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SAT Secrets 31: Controlling careless errors on the SAT Math Test

SAT Secrets 31: Controlling careless errors on the SAT Math Test

Are careless errors preventing you from achieving your potential on the Math Test?

Are you tired of wondering what your math score might have been if you hadn’t made preventable mistakes on problems you were sure you got right? Please consider the recommendations in this article, including specific ways to

  • Adjust your approach to the SAT Math Test
  • Force yourself to slow down and focus
  • Make fewer careless mistakes
  • Raise your score!

Slow down

Top scorers know that to maximize your score, you need to get the easier questions right. If you know you sometimes fall victim to carelessness, it is a good idea to force yourself to take a little extra time on the questions you know how to do. The wrong choices on the SAT Math Test often represent common mistakes – the kind of mistakes that are frequently made by students who are rushing or trying to cut corners. That’s one of the reasons those wrong choices look so right, and why they can be so easy to choose by mistake. Your best defense is to stop rushing and stop cutting corners.

Get out of your head – do your work on paper

Write down every step of algebra problems. Label diagrams. Draw your own pictures if it helps. There are two big drawbacks of using mental math on the SAT: 1) If you come up with an answer that isn’t in the choices, you have to start at the very beginning of your calculations to figure out what went wrong. This wastes valuable time. 2) Many of the wrong choices represent common errors in mental calculation. So, if you make a mistake, you are still likely to see the answer you came up with – and it’s wrong. These are the classic questions that you thought you got right… If you write your work down, you drastically reduce the possibility that you will make a careless error.TOP CALCULATOR TIP: Think it through first – On the calculator section, it helps some students to write down what they’re going to enter into the calculator before they actually start using the calculator. In this way, they ensure they don’t miss a step.

Circle key words in the question

Sometimes students assume they know what the question is asking, and accidentally answer the wrong question. Circling key words can help with this.Example:If the radius of a circle is tripled, what is the effect on the circle’s circumference?(A) It is increased by 3(B) it is increased by 9(C) it is increased by a factor of 3(D) it is increased by a factor of 9[Explain]Potential careless errors here include A) mistakenly thinking that tripling is the same as increasing by 3, B) mistakenly applying the area formula and thinking that squaring a tripling will increase a number by 9, and D) mistakenly applying the area formula when the circumference formula is what is called for. The correct choice is C.TOP TIP: If you make a habit of circling key words in math questions (in this case, radius, tripled and circumference), you are more likely to take the time you need to ensure success.TOP TIP: Test Values – A clever approach here would be to try plugging in values – imagine a circle with a radius of 1 – what is its circumference? . Then triple it – what is the circumference of the circle now? . What happened? It was multiplied by 3, which is the same thing as increasing by a factor of 3.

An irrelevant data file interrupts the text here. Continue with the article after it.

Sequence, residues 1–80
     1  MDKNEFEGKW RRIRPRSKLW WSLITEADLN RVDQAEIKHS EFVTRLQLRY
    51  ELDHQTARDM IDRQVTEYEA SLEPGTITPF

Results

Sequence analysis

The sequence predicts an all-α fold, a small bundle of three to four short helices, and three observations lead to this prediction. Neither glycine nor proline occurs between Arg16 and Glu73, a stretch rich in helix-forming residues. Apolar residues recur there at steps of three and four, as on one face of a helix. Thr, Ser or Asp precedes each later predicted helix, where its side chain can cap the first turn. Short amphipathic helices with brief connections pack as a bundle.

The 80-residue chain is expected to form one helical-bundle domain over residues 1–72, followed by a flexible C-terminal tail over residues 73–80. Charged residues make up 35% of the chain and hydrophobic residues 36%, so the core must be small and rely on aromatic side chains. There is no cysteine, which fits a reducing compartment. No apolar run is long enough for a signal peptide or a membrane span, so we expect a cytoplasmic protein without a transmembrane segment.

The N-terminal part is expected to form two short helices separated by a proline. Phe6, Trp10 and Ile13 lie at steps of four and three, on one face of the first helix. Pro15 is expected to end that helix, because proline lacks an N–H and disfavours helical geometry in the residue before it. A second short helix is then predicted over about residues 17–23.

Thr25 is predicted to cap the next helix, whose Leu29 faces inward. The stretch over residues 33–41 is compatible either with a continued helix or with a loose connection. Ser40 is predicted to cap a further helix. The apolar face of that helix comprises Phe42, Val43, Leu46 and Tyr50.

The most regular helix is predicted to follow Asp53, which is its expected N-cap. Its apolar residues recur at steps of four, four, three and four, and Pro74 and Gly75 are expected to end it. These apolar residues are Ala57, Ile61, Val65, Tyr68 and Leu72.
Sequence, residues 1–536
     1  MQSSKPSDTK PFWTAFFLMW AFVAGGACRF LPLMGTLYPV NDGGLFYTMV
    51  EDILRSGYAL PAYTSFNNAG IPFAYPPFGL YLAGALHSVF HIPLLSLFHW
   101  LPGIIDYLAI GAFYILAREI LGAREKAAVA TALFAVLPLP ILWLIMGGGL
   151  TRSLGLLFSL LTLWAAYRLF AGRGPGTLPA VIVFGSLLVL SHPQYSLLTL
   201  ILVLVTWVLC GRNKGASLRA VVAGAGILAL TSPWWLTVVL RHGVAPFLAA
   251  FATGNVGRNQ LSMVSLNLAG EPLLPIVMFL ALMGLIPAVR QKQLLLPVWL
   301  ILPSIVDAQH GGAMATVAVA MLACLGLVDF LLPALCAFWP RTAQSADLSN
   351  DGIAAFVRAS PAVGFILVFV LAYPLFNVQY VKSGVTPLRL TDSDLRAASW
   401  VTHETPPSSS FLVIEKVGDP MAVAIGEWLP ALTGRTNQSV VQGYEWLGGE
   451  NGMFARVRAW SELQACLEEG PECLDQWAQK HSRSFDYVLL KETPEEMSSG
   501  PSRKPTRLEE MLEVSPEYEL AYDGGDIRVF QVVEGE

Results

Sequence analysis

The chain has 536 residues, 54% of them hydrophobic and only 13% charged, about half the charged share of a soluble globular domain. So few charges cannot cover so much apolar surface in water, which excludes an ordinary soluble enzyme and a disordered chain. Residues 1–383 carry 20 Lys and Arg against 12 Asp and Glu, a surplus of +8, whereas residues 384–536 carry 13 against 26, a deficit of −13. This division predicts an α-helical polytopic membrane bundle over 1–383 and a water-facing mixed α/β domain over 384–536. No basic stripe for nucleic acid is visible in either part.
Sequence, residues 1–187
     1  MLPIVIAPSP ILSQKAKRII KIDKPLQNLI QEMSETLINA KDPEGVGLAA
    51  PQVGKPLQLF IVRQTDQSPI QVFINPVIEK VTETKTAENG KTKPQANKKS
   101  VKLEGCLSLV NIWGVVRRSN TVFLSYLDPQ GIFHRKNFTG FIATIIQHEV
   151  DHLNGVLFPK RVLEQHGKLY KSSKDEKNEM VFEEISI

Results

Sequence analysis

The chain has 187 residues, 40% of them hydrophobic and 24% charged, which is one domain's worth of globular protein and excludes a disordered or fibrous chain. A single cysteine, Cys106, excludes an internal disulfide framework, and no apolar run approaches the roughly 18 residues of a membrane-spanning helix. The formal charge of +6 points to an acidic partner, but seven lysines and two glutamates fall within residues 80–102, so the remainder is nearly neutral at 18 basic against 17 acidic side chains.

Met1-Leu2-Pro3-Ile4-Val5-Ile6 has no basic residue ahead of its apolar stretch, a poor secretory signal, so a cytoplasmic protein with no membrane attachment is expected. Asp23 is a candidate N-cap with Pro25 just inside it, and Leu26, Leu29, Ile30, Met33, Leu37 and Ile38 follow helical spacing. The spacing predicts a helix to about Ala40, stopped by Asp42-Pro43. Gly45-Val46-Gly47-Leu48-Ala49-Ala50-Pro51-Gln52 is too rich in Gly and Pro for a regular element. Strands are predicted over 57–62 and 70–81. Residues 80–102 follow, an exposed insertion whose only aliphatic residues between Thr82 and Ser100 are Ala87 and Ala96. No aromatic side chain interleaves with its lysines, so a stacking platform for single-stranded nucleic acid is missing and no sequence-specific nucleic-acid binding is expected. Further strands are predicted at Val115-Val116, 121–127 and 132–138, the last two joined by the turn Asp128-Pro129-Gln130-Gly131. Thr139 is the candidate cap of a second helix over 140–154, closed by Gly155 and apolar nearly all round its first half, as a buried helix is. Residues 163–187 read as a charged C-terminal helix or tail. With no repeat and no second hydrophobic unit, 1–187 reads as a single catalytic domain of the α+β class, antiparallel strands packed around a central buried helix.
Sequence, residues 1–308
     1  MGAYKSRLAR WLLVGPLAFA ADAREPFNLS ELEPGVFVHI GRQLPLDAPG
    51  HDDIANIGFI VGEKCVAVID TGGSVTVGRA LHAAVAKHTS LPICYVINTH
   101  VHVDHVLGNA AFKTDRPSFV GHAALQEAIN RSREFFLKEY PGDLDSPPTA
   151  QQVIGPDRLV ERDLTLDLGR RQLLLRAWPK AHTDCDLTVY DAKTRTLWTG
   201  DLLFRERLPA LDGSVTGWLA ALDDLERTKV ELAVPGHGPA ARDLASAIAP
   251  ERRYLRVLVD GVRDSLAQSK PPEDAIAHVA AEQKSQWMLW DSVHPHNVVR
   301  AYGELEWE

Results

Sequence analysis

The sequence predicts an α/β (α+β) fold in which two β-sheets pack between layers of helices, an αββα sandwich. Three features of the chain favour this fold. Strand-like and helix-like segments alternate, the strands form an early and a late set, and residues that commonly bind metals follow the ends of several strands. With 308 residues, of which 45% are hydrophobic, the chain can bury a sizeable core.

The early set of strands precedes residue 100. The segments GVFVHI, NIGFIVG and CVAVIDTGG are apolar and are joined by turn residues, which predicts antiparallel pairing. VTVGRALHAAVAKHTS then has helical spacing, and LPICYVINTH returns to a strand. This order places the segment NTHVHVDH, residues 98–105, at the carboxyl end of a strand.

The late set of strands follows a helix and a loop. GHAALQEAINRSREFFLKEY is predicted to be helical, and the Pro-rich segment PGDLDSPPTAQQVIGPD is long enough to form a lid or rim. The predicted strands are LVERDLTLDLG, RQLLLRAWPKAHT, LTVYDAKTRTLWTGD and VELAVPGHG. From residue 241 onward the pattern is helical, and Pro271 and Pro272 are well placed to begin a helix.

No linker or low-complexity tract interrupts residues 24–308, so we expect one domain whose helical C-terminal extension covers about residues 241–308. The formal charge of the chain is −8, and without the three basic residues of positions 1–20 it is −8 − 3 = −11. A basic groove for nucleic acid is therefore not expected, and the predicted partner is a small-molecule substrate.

Underline the question that is being asked

Sometimes a question will ask for something that is a bit unexpected… Example:If 10x + 6 = 206, what is the value of 5x + 3?(A) 20(B) 53(C) 103(D) 203This question asks for the value of an expression, not the value of the variable itself. Just to make sure you don’t accidentally answer the wrong question, it can be helpful to underline the question: what is the value of 5x + 3?[Explain]Before you charge in and solve for x, take a step back and note that the question is asking for the value of 5x + 3. At first glance, this might seem like a random thing to ask, but if you slow down you’ll see it’s just half of the original expression 10x + 6. When you underline or circle the part of the question that is what is being asked, you force your brain to downshift and focus.

Double check the question before moving on

Get in the habit of taking an extra 5-10 seconds after completing every math question to make sure you are answering the question that is being asked. Then, select an answer and move on to the next question.TOP TIP: Be smart with your time – If you only have some of the hardest questions left in the math section and feel stuck, make the best guess you can. Then, with your leftover time, consider double checking the easy & medium questions. Remember, every question on the SAT is worth the same number of points, so catching a careless mistake on an easy question is worth as many points as getting that last hard question right!

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